Selling Your New Franchise Concept: How to Get Noticed
- 5 Comments
- December 1st, 2008
Turning your business into a franchise model can be an exciting time. You can’t wait to start selling franchises, and reap the benefits of being a franchisor ….
You are ready to sell franchises if you have done the following:
- Written a complete operations manual
- Have your Franchise Disclosure Document (FDD) completed
- Have your franchise opportunity registered properly in all states
- Created your business plan
- Created a profile of your typical franchise owner
- Created your marketing plan
- Hired your franchise sales and operations team
Now it is time to spread the word. Of course, there are 3,000 other franchisors who are trying to find franchisees too. What can you do to help your offering stand out?
You can choose to be different. Look around online and see how other franchisors are marketing their concepts. Is there a pattern? Is it the same old thing? Are other franchisors using traditional advertising methods to get the word out? For instance, are they putting a tile ad in a franchise directory, and hoping that someone with the right profile will click their ad, and turn into a franchisee? That method could work for you, but as a young franchisor, you may want to look at some different, more creative options, like getting involved in Social Media, to help you spread the word.
One way to get the word out is to start networking on the major Social Media sites. Such as:
- Facebook. I suggest opening up a Facebook account, and putting your profile up. There is a place where you can put in your company information, and your company website address. You can also search for people that you know in and out of the business world. Start building a network.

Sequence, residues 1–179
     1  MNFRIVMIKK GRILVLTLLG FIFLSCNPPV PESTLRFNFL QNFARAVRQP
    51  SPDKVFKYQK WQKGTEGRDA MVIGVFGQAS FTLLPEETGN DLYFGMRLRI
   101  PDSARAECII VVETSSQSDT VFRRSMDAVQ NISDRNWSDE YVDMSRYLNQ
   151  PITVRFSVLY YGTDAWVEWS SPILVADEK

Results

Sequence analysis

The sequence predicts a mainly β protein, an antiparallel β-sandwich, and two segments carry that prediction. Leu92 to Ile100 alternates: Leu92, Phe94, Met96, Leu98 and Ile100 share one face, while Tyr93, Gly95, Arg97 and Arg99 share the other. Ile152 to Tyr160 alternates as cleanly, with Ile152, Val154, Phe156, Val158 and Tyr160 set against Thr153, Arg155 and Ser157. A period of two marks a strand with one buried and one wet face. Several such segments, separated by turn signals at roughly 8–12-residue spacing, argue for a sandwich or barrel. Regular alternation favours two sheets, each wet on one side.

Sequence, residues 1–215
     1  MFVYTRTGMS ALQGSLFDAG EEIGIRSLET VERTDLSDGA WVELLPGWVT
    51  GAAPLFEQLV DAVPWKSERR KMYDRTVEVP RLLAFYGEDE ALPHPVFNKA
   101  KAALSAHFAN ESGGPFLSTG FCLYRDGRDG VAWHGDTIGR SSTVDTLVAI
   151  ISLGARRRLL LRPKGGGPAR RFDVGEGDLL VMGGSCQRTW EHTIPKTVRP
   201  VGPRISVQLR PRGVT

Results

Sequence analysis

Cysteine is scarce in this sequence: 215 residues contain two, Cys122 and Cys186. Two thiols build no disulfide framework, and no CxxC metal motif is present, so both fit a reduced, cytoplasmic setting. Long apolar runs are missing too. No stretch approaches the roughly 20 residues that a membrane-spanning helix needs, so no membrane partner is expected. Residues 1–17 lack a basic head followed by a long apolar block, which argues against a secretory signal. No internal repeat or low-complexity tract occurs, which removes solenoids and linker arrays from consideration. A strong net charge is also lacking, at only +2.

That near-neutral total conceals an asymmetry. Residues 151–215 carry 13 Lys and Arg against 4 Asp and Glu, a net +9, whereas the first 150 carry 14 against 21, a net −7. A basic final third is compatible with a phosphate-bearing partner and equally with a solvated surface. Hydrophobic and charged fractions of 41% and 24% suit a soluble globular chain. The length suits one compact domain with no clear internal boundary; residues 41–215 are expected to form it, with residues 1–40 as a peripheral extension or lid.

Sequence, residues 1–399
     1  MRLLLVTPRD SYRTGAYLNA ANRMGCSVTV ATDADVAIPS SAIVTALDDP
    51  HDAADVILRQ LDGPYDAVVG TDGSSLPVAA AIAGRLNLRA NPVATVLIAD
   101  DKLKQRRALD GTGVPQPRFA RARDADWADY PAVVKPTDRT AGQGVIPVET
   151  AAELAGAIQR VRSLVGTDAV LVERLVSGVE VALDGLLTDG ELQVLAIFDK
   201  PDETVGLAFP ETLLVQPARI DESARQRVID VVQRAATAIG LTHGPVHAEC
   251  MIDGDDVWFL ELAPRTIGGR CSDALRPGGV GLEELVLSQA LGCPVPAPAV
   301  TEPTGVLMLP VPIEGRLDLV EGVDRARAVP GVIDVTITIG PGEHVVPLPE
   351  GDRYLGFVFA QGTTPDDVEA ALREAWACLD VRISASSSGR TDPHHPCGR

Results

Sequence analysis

- LinkedIn. Do the same thing on LinkedIn. You can do start building a network there, too. One advantage of spending some of your time over at LinkedIn is that a lot of job seekers are on the site, and some may have entrepreneurial aspirations.
You need some PR. There are a couple of Public Relations agencies that specialize in Franchise PR, and they have a deep network of media connections. I use Sanderson PR, when I need a major PR push. Another popular Franchise PR firm is Fishman PR.
Lastly, I highly recommend that you start reading and subscribing to some franchise and small business blogs. Once you are comfortable, throw in a few comments on those blogs, but don’t promote your franchise. It takes a while, but you will start to build a network just by commenting on blogs.
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